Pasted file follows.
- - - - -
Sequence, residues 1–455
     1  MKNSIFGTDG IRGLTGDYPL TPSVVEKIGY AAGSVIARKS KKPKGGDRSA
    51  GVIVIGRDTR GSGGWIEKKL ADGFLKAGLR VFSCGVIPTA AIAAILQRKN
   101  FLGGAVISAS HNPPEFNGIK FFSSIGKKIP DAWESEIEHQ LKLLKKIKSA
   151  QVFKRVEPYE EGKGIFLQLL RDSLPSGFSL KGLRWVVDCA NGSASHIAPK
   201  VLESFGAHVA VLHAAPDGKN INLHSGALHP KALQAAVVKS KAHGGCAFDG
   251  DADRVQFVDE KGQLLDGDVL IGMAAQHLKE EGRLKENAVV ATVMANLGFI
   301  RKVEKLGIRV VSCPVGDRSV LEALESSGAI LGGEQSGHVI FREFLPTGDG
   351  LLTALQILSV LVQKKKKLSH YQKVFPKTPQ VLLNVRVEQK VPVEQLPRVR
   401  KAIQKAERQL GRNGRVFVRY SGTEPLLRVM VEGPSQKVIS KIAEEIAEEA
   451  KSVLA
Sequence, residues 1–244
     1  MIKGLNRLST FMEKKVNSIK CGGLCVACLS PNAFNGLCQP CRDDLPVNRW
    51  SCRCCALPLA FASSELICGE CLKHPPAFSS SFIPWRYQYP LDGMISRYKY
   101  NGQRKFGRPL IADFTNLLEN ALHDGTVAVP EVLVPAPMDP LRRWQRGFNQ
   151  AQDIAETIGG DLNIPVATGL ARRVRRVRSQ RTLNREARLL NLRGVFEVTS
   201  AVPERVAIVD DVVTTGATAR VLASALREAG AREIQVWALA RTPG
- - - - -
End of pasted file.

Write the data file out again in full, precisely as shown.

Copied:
Sequence, residues 1–455
     1  MKNSIFGTDG IRGLTGDYPL TPSVVEKIGY AAGSVIARKS KKPKGGDRSA
    51  GVIVIGRDTR GSGGWIEKKL ADGFLKAGLR VFSCGVIPTA AIAAILQRKN
   101  FLGGAVISAS HNPPEFNGIK FFSSIGKKIP DAWESEIEHQ LKLLKKIKSA
   151  QVFKRVEPYE EGKGIFLQLL RDSLPSGFSL KGLRWVVDCA NGSASHIAPK
   201  VLESFGAHVA VLHAAPDGKN INLHSGALHP KALQAAVVKS KAHGGCAFDG
   251  DADRVQFVDE KGQLLDGDVL IGMAAQHLKE EGRLKENAVV ATVMANLGFI
   301  RKVEKLGIRV VSCPVGDRSV LEALESSGAI LGGEQSGHVI FREFLPTGDG
   351  LLTALQILSV LVQKKKKLSH YQKVFPKTPQ VLLNVRVEQK VPVEQLPRVR
   401  KAIQKAERQL GRNGRVFVRY SGTEPLLRVM VEGPSQKVIS KIAEEIAEEA
   451  KSVLA
Sequence, residues 1–244
     1  MIKGLNRLST FMEKKVNSIK CGGLCVACLS PNAFNGLCQP CRDDLPVNRW
    51  SCRCCALPLA FASSELICGE CLKHPPAFSS SFIPWRYQYP LDGMISRYKY
   101  NGQRKFGRPL IADFTNLLEN ALHDGTVAVP EVLVPAPMDP LRRWQRGFNQ
   151  AQDIAETIGG DLNIPVATGL ARRVRRVRSQ RTLNREARLL NLRGVFEVTS
   201  AVPERVAIVD DVVTTGATAR VLASALREAG AREIQVWALA RTPG